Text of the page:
Yopie Prins, Irene Butter Collegiate Professorship in English and Comparative Literature, Inaugural Lecture
Tuesday, September 26, 2017
Amphitheatre Rackham Graduate School (Horace H.) Map
“Ladies’ Greek” describes a culture of female classical literacy that emerged during the formation of women’s colleges in nineteenth-century England and America. Why did Victorian women of letters desire to learn ancient Greek, a “dead” language written in a strange alphabet and no longer spoken? In the words of Elizabeth Barrett Browning, they wrote “some Greek upon the margin—lady’s Greek, without the accents.” Yet in the margins of classical scholarship they discovered other ways of knowing, and not knowing, Greek. Through various modes of transcribing, translating, transforming, and performing Greek tragedy, these passionate amateurs played an important role in the history of classical reception and the popularization of classics.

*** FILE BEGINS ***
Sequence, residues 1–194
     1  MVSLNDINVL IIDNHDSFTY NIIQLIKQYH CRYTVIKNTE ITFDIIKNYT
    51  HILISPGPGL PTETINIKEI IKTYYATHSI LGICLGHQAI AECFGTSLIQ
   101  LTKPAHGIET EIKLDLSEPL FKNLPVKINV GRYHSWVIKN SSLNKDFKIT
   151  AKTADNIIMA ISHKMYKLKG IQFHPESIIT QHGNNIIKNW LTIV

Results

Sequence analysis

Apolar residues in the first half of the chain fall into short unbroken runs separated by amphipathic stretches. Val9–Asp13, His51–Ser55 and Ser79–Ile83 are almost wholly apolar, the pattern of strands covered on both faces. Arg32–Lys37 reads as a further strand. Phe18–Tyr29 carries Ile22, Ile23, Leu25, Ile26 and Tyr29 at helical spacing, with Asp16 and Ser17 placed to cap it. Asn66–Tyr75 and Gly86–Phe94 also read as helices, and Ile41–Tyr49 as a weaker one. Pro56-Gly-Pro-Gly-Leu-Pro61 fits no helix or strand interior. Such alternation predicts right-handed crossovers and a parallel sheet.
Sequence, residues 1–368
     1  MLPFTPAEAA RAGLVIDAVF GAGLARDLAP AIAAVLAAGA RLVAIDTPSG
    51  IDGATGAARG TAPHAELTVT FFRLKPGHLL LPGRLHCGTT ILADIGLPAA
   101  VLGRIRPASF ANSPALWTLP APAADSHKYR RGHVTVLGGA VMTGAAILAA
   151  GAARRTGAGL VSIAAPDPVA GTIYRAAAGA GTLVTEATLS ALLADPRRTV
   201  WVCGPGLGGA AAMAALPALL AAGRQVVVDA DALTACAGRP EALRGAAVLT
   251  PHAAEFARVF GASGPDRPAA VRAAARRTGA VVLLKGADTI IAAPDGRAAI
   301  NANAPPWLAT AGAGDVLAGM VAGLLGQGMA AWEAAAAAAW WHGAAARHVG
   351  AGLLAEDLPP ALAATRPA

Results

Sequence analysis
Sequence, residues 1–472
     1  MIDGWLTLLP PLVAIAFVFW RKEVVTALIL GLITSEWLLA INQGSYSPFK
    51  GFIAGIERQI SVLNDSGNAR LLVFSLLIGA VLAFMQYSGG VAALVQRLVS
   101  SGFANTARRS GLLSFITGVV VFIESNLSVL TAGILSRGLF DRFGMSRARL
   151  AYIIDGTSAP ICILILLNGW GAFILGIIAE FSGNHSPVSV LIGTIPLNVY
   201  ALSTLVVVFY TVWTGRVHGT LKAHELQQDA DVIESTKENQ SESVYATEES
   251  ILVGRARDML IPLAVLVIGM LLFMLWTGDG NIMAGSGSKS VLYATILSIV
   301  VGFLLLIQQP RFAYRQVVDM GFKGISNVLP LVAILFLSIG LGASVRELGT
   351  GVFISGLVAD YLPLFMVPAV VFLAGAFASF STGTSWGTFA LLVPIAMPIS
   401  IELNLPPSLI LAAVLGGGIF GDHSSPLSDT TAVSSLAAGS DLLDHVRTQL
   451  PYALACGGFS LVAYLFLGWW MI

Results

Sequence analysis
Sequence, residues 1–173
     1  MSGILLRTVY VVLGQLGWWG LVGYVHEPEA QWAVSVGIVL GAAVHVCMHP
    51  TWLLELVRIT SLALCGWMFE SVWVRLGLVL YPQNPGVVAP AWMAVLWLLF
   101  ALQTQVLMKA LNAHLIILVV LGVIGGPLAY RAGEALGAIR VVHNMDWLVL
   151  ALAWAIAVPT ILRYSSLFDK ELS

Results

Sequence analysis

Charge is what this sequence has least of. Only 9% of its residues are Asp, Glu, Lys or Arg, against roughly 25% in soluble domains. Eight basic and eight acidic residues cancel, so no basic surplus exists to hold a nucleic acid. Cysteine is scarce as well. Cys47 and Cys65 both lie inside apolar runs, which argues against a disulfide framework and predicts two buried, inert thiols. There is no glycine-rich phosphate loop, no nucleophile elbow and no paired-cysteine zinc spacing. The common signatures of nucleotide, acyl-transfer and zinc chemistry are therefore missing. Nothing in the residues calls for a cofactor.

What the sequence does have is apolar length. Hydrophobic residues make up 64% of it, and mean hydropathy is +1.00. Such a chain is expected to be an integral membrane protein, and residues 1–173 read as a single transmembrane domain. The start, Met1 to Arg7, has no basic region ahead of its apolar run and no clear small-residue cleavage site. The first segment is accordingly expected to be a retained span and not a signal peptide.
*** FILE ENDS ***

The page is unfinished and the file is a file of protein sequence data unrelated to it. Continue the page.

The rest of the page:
|Building:||Rackham Graduate School (Horace H.)|
|Event Type:||Lecture / Discussion|
|Source:||Happening @ Michigan from The College of Literature, Science, and the Arts, Comparative Literature, Department of English Language and Literature|